Response to repeated CO2 in individuals with elevated anxiety sensitivity: Replication with 20% CO2
The present report replicates and extends previous work examining response patterns to repeated presentation of CO2. In previous studies, two distinct response patterns to repeated presentation of 35% CO2 were noted, representing habituation and nonhabituation of anxiety. In this report, 21 participants who had never experienced a panic attack but who reported high levels of anxiety sensitivity were presented with 12 trials of 20% CO2, followed by a trial involving inhalation of room air (to examine dishabituation) and two more trials of 20% CO2. Results indicated that 67% of the sample reported habituation of anxiety. Reductions in anxiety across inhalations were paralleled by changes in tidal volume, perceived panic symptom severity, and feelings of panic. Notable dishabituation was observed in the nonhabituation sample. Results are discussed in the light of basic learning processes underlying the treatment of Panic Disorder (PD). © 2001 Elsevier Science Ltd. All rights reserved.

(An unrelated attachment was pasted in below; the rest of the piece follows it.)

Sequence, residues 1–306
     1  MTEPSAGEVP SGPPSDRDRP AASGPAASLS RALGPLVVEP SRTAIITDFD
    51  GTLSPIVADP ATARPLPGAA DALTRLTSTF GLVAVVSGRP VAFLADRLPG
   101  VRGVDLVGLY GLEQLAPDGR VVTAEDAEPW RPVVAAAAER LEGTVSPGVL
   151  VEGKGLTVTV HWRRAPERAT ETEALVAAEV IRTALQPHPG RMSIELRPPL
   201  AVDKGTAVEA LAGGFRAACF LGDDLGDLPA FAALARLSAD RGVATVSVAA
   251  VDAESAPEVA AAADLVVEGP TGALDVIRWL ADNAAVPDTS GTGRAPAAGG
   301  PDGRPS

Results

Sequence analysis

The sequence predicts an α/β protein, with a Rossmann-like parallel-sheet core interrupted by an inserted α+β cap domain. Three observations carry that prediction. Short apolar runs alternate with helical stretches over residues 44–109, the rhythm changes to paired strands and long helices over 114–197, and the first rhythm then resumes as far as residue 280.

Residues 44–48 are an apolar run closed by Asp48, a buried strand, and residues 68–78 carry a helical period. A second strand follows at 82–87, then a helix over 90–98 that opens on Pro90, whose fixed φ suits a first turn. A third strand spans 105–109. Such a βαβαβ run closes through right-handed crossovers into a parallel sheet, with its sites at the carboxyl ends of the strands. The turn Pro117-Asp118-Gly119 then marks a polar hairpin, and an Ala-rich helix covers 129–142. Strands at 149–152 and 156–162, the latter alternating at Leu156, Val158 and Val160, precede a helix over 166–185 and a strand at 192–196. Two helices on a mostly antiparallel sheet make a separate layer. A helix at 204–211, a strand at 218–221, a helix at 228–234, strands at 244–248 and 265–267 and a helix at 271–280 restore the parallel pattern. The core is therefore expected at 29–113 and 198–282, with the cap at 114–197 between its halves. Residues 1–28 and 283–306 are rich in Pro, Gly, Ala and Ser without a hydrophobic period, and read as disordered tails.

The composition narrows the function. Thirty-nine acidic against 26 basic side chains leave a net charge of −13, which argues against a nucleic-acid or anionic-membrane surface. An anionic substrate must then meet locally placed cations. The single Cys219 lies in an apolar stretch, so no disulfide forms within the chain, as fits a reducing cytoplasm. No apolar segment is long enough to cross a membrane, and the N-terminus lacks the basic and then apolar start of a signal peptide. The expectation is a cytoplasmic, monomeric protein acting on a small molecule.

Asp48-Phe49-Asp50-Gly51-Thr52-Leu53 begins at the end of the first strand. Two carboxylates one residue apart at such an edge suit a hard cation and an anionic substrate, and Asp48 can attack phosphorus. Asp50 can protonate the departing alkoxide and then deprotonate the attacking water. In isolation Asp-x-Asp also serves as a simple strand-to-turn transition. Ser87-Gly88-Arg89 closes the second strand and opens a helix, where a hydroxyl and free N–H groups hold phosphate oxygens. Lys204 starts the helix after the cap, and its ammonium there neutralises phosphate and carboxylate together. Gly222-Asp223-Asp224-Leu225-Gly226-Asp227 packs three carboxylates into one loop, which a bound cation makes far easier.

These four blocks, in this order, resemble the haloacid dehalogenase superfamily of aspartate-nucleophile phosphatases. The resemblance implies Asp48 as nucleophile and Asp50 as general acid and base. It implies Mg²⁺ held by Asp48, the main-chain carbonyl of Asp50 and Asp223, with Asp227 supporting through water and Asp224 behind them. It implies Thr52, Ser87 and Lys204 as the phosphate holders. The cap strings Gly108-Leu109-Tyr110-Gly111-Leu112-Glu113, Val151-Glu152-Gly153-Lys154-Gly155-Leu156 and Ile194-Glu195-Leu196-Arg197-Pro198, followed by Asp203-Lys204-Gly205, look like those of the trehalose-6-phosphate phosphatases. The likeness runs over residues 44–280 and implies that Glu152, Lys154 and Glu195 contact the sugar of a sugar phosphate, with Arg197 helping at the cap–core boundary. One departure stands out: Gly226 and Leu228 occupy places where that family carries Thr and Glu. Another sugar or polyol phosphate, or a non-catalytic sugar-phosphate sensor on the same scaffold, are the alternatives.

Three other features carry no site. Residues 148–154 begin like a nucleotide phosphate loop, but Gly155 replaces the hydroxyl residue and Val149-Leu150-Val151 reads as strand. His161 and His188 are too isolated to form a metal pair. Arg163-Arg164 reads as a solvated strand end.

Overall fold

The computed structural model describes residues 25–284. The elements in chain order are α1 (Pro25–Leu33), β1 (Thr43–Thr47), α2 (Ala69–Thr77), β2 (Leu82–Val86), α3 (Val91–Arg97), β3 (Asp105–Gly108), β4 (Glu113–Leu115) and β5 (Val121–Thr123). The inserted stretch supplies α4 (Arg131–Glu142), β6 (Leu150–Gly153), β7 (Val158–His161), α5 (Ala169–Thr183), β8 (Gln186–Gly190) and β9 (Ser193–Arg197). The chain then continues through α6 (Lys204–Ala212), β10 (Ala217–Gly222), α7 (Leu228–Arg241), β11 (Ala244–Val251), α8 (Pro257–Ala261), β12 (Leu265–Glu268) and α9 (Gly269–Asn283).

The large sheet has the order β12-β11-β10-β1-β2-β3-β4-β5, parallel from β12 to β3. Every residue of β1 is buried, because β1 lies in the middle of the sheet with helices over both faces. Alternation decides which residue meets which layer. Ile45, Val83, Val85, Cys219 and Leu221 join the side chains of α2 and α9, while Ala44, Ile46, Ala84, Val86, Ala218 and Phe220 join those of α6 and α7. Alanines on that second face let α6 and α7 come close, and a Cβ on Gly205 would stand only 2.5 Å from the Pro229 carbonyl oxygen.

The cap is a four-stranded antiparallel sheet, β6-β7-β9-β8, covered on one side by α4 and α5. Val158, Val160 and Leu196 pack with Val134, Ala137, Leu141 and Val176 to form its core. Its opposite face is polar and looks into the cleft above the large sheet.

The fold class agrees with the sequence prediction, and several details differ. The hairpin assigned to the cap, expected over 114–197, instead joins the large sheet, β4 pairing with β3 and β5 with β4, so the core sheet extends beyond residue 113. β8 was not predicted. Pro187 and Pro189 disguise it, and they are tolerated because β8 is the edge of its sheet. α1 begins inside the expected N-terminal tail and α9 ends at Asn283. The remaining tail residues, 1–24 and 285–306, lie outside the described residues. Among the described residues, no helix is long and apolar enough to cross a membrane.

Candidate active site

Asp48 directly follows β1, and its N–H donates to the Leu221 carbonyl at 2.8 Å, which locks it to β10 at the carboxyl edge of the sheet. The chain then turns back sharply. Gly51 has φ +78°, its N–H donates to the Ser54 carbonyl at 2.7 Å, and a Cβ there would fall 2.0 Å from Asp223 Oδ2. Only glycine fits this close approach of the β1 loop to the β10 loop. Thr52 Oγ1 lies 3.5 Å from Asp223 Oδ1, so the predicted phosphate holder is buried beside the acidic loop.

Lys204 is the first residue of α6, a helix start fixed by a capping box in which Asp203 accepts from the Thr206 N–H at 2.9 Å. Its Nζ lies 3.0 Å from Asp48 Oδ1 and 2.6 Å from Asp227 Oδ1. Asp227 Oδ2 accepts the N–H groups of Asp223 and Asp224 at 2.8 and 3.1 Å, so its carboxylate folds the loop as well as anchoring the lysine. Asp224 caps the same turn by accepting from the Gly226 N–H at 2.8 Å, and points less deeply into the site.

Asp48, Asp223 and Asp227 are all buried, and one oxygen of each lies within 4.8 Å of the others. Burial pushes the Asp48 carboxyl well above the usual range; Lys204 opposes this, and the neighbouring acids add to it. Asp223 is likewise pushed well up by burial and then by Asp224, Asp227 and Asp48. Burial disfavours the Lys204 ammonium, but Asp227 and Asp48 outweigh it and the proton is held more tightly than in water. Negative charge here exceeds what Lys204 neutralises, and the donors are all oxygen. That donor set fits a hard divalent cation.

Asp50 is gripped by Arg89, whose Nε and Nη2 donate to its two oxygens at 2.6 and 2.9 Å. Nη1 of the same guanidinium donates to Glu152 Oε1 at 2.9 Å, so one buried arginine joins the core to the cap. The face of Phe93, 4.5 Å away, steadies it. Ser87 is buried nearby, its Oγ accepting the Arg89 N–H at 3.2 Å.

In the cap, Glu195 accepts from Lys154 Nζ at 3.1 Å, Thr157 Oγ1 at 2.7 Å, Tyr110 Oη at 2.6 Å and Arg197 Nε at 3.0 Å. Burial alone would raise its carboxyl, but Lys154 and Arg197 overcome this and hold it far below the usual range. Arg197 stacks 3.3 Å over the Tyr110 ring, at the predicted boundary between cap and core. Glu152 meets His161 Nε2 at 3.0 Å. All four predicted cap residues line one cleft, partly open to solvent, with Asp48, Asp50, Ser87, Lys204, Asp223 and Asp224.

Journal of Behavior Therapy and Experimental Psychiatry
Beck, J., & Wolf, M. (2001). Response to repeated CO2 in individuals with elevated anxiety sensitivity: Replication with 20% CO2. Journal of Behavior Therapy and Experimental Psychiatry, 32 (1), 1-16. https://doi.org/10.1016/S0005-7916(01)00018-0